To talk more about what this means, we’re joined in Washington, D.C., by Kevin Slaten, who was program coordinator for China Labor Watch until last year. He knew the three investigators currently detained in China, and has researched Chinese labor conditions for over seven years, continuing to monitor closely human rights and foreign policy developments in China.

Kevin, welcome to Democracy Now! Where are these three investigators? These three human rights activists investigating labor conditions at the Ivanka Trump brand factory, where are they being held?

KEVIN SLATEN: Hi, Amy. Currently, the three, according to information we have from one of the investigators’ lawyers, who spoke to the media a couple days ago, as well as according to other news media, they’re being held in Ganzhou, which is in Jiangxi province, which is in southern part of China. And that’s where the investigation, one of the factories that they were investigating, is located.

AMY GOODMAN: And under what conditions are they being held?

KEVIN SLATEN: I mean, a lot of that information isn’t really known. We know, from what the lawyers said, that they were being held in—that one of the people was being held in a group cell of 20 people, that he had to sleep just a couple feet away from a urinal—they said a bucket that people would use as a urinal, and he had to sleep like that. And it was very—said it was very uncomfortable. I mean, one of the overarching problems here is that a lot of access is being denied, and China doesn’t really have a—it has a terrible record of guaranteeing prisoners’ rights and of torture, especially for people who could be political prisoners, like these three.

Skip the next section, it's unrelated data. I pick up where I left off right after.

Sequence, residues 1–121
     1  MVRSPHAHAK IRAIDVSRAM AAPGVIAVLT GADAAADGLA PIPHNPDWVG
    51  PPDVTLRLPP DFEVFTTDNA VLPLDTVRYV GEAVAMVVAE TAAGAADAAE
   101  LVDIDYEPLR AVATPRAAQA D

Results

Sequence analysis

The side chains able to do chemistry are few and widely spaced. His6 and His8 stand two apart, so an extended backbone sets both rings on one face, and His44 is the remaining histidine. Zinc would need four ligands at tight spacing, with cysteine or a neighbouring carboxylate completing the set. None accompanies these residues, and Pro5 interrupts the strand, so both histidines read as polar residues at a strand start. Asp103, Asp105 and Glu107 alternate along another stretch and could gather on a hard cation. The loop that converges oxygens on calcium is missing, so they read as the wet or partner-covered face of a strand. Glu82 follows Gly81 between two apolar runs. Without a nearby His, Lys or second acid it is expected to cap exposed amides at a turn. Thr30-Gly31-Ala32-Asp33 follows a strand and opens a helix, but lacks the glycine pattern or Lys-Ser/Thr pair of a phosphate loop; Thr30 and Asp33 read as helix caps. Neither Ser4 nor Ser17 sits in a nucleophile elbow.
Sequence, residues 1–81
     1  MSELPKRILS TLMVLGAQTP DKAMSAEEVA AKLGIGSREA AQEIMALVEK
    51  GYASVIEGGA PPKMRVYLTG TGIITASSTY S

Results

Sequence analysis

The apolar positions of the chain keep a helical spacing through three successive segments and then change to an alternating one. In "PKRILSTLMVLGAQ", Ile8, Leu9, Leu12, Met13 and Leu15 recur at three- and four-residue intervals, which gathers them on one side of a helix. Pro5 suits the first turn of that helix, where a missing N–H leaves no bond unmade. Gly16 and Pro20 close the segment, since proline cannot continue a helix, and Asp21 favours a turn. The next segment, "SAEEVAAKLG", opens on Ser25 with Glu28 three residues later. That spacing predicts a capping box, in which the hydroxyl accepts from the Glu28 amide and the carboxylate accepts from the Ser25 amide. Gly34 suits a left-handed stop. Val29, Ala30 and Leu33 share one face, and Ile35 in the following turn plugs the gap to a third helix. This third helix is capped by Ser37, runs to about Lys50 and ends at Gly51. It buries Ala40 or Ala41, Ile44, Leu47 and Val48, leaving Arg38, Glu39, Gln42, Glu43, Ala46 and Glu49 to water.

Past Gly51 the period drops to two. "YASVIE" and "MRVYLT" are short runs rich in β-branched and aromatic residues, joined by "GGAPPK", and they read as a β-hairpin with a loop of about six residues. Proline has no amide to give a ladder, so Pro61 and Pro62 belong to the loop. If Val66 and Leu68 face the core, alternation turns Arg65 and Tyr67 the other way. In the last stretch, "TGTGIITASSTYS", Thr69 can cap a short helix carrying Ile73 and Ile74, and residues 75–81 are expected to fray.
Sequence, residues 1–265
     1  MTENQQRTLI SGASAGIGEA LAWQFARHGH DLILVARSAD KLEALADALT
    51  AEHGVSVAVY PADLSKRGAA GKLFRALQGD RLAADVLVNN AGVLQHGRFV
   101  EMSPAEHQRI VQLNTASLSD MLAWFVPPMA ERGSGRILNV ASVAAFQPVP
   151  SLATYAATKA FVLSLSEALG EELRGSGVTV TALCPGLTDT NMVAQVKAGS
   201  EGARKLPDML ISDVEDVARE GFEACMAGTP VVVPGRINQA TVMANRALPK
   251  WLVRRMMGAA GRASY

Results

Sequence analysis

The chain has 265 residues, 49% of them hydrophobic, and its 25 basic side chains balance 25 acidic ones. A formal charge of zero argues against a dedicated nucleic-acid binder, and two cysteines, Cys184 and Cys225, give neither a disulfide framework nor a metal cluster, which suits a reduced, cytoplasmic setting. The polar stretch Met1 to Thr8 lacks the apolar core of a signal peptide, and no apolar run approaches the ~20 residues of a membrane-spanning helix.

AMY GOODMAN: So, can you explain, Kevin Slaten, where this factory is, what it does, how you know, then how these researchers knew, that it was making Ivanka Trump brand shoes?

KEVIN SLATEN: Well, just to be clear, I left China Labor Watch early last year, in February 2016, so I wasn’t part of the investigation. However, I know, from what I’ve read and some communication recently with China Labor Watch, that they sent people undercover. These three investigators, I don’t know if all of them were undercover, but at least one of them was undercover. They were doing worker interviews outside of the factory and gathering other information around two factories that they, through worker interviews and—I haven’t seen video or pictures, but typically you would get video and pictures to prove it. The report hasn’t come out yet, so I don’t—I don’t know from the report if they got that information. But typically that’s how you would show that the products that you were—that you were—like Ivanka Trump’s products and other brands were actually being produced there. However, Marc Fisher, the company Marc Fisher, which is the intermediary for Ivanka Trump’s production, did not deny that their products are being made there. Ivanka Trump’s company didn’t deny they’re being made there. So, I think that’s not really a question of whether or not they’re being made in those factories.

AMY GOODMAN: The Chinese government said, in the SOT that we—in the quote that we just played, that these men are being held under suspicion of using wiretapping or professional surveillance equipment.